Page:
In particular, Waters plans "some exciting things" around its quadrupole technology, which is the basis of Waters' Xevo Q-TOF and Xevo TQ mass specs. Earlier this month, the company announced that the Taiwan Bureau of Food and Drug Analysis had acquired nine Xevo TQ instruments, along with four Acquity UPLC systems, for food safety monitoring. Moving forward, the company continues to see that market as well as the applied markets as being especially robust, especially outside of the US.

In the US, though the prospect of creating new food-safety legislation is still up in the air, "we're hopeful that the conditions and the regulations [will] build momentum," which would open another sales channel for the Xevo technology.

While the general sense is that business in the mass spec space was down across the entire industry in 2009, it also survived the broader economic washout better than had been originally feared. In 2010, Waters anticipates the turnaround in the mass spec market to continue. For Waters, that rebound will be likely led by its G2, which Ornell said is "likely to move our mass spec growth a few points, perhaps, overall, as it continues to hopefully grow near double digits as we make our way across the quarter."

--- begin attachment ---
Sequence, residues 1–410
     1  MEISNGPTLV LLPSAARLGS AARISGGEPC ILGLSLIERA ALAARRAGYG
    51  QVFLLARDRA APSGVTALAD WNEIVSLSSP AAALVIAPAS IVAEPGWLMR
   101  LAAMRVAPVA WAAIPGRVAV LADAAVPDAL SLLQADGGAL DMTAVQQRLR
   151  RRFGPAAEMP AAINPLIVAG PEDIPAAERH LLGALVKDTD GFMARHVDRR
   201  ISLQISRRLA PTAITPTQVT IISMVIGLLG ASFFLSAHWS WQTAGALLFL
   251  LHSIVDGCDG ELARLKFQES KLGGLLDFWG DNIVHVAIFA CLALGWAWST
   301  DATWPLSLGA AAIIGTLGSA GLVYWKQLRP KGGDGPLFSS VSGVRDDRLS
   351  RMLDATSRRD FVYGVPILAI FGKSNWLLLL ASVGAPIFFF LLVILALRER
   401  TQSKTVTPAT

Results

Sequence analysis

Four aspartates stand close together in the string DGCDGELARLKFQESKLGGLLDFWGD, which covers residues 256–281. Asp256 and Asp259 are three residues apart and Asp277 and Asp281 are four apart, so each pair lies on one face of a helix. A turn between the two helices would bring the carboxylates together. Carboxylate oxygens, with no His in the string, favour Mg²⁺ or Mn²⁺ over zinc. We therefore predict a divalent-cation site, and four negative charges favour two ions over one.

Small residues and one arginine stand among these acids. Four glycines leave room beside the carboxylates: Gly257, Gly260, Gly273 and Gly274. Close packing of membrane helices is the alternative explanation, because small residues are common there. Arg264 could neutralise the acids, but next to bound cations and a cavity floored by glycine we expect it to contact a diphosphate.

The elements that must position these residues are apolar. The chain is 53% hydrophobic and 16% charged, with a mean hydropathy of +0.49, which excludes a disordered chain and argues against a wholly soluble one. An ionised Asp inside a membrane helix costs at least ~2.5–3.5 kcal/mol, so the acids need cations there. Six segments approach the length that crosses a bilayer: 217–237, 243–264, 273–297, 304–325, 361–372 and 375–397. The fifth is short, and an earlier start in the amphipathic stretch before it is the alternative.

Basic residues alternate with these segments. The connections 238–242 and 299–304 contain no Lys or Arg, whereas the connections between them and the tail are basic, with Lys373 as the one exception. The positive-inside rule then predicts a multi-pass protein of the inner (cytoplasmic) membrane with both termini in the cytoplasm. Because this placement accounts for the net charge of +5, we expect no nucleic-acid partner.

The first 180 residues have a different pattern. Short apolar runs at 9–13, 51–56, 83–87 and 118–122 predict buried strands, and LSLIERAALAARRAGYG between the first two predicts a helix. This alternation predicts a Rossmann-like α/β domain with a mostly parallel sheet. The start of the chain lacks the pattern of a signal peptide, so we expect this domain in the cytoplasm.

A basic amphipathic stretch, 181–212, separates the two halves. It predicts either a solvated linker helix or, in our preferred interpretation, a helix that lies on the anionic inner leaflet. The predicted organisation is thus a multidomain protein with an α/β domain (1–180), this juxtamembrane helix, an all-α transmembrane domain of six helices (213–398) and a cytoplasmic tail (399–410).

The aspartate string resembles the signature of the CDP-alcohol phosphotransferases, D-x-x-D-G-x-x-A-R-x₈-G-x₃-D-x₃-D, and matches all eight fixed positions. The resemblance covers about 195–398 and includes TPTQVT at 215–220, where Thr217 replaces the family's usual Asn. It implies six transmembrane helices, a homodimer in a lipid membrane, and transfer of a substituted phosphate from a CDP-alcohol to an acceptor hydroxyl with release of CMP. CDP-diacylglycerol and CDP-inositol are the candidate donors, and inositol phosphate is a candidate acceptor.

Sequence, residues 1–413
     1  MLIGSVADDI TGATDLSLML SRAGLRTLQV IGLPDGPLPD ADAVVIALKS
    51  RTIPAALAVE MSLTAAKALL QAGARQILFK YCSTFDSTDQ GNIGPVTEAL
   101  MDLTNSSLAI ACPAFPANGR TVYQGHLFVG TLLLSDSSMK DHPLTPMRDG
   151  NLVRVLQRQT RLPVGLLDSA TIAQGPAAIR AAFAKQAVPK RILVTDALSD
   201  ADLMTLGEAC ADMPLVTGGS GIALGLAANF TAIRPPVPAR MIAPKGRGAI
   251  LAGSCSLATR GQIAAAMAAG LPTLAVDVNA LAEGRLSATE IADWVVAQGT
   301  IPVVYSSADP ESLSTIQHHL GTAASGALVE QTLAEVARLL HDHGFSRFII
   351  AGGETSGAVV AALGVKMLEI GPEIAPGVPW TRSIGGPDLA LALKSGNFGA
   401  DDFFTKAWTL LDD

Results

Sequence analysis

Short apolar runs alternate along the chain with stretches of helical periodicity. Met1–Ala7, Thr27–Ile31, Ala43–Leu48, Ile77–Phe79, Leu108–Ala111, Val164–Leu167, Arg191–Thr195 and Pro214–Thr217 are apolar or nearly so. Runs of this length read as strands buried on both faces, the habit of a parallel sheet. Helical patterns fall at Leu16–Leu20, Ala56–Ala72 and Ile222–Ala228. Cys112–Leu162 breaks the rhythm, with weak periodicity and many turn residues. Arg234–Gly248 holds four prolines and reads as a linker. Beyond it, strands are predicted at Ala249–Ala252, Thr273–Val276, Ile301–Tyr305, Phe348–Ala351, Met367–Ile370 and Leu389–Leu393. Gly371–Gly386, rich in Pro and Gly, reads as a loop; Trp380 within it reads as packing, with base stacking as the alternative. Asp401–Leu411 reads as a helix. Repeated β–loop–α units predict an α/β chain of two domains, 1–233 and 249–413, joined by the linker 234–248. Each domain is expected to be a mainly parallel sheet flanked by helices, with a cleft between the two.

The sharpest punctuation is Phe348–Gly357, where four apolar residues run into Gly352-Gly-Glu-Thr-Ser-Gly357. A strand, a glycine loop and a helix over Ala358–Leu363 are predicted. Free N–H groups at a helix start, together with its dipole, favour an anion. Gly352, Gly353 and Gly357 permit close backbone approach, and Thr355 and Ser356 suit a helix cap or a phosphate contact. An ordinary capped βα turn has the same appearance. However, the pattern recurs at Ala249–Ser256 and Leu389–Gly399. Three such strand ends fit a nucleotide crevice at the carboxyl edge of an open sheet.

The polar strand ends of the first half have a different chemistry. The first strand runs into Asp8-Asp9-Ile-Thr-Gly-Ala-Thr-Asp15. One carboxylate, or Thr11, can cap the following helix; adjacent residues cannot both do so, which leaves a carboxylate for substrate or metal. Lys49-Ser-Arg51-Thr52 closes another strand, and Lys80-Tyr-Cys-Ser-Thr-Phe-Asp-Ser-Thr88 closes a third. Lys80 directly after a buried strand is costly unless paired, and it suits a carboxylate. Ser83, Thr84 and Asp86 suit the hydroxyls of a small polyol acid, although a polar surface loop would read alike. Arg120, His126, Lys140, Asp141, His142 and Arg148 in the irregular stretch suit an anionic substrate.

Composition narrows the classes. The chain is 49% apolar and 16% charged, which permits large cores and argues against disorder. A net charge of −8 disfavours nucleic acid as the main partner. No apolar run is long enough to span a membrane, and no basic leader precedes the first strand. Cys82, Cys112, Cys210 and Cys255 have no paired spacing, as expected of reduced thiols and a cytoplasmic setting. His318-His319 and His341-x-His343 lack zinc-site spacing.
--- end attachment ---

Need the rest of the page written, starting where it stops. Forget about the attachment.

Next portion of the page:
This year, a new player will be entering the space as Danaher moves to close on its proposed purchase of the Applied Biosystems/MDS mass spec joint venture. While others, including Thermo Fisher Scientific's CEO Marc Casper, have questioned the effect of the ownership change on the competitive landscape, Berthiaume said this week that it could create opportunities for his firm.

"As some industry participants work their way through new management structures and sort out new strategies, we plan to execute our established product-to-market plan," Berthiaume said.